In the Eastern Cape you’ll find the Wild Coast, the Valley of Desolation, the coastal cities of Port Elizabeth and East London, the visionary art of the Owl House of Nieu-Bethesda, Nelson Mandela’s birthplace in the Transkei, and more.
Discover the history, people and geography of the Eastern Cape, South Africa’s second-largest province, with a selection of Creative Commons images of the region.
Graaff-Reinet in the Valley of Desolation
The town of Graaff-Reinet lies in the Valley of Desolation in the northeast Karoo region of the Eastern Cape. Founded in 1786, exactly a century before Johannesburg, Graaff-Reinet is the fourth-oldest colonially established settlement in South Africa after Cape Town, Stellenbosch and Swellendam. Notable South Africans born here include anti-apartheid activists Robert Sobukwe, Matthew Goniwe and Beyers Naude, artist Helen Martins, 19th-century road builders Andrew Geddes Bain and Thomas Charles John Bain, palaeontologist James Kitching, and business mogul Anton Rupert. (South African Tourism, CC BY-2.0)
Port Elizabeth harbour from the air
A plane passenger’s view of Port Elizabeth harbour on the western curve of Algoa Bay. The port was established in 1825, five years after the first wave of British settlers into the Eastern Cape region in 1820. Today South African exports from the port include farming produce, manganese ore mined in the Northern Cape, and vehicles produced by the Eastern Cape’s large automotive manufacturing industry. Port Elizabeth also handles overflow sea traffic from the larger ports at Durban and Cape Town. (I Went Left, CC BY-NC 2.0)
New cars line up outside East London factory
Cars ready for export on the loading dock below the Mercedes-Benz factory in East London. Although it’s the second-largest city in the Eastern Cape, East London – founded by 1820 settlers from Britain in 1836 – is a small city with an economy largely sustained by the factory. (Rodger Bosch, Media Club South Africa)
Homesteads and cattle on the Qolora Mouth road
With the Indian Ocean just over the next hill, the road into the coastal village of Qolora Mouth curves past homesteads and grazing cattle in the Wild Coast region of the Eastern Cape. (Rodger Bosch, Media Club South Africa)
Golfing on the Wild Coast
Avid golfers Welcome Tolbadi (18 handicap) and Dickson Mboyi (10 handicap) head off for a round at the nine-hole golf course in the Wild Coast village of Qolora Mouth in the Eastern Cape. (Rodger Bosch, Media Club South Africa)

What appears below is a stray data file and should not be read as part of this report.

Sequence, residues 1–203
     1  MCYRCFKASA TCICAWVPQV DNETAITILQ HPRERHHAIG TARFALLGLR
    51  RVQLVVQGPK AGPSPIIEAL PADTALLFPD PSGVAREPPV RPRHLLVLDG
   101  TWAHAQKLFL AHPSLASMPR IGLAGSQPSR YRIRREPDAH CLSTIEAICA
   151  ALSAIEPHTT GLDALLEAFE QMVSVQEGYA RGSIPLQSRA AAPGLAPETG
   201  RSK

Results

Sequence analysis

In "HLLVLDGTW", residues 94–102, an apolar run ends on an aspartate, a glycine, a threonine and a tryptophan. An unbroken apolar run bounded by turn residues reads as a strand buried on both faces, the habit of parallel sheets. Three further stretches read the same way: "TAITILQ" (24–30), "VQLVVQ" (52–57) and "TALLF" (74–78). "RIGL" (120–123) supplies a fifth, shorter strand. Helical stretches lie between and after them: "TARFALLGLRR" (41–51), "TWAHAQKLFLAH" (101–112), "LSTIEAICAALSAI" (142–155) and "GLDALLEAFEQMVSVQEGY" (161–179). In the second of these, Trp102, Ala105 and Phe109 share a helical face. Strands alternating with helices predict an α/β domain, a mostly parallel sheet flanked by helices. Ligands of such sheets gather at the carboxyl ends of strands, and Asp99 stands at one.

The Owl House in Nieu-Bethesda
Fantastical concrete sculptures in the Camel Yard of the Owl House in Nieu-Bethesda, a small farming town in the northwest of the Eastern Cape. Created by artist Helen Martins from 1945 to 1976, in collaboration with Koos Malgas from 1964 onwards, the Owl House is a masterwork of visionary outsider art. The life of Helen Martins inspired “The Road to Mecca” by South African playwright Athol Fugard, which was later made as a film. Tourists drawn to Nieu-Bethesda to see the Owl House have revived the fortunes of the town. (South African Tourism, CC BY 2.0)
Hole in the Wall
Hole in the Wall, a rock formation in the shallow waters of Coffee Bay beach on the Wild Coast of the Eastern Cape. The hole in this intertidal island, made of layers of sandstone and shale, was broken through by the force of waves over millennia. In isiXhosa, Hole in the Wall is called esiKhaleni, “place of noise”, from the reverberating of waves crashing between its rock walls. (Pieter Edelman, CC BY NC-ND)
Port Elizabeth Main Library
The Port Elizabeth Main Library was opened in 1902. The building is a lovely example of Victorian Gothic architecture, with its terra-cotta facade manufactured in England. The statue of Britain’s Queen Victoria out front was made from Sicilian marble. (South African Tourism, CC BY 2.0)
Qunu, birthplace of Nelson Mandela
Rolling grasslands in the central Transkei, near the village of Qunu in the eastern region of the Eastern Cape. Qunu is the birthplace of South African statesman Nelson Mandela. (Rodger Bosch, Media Club South Africa)
Sir Rufane Donkin’s reserve in Port Elizabeth
The lighthouse, pyramid and mosaic in the Donkin Reserve in Port Elizabeth. The reserve is four hectares of green space off Belmont Terrace overlooking the city. It was set aside for the people of Port Elizabeth in perpetuity by Sir Rufane Donkin, acting governor of the Cape Colony from 1820 to 1821.
Donkin named the city after his wife Elizabeth, who had died in Meerut, India in 1818. The stone pyramid bears a touching inscription to Elizabeth: “In memory of one of the most perfect of human beings, who has given her name to the Town below.”
While the pyramid and lighthouse were built in the 1800s, the mosaic was created in the 1990s. It visually tells the history of the people of Port Elizabeth and the Eastern Cape. (6000.co.za, CC BY-NC-ND 2.0)
The bridge over the Storms River
Researched and written by Mary Alexander.
Updated 12 April 2019.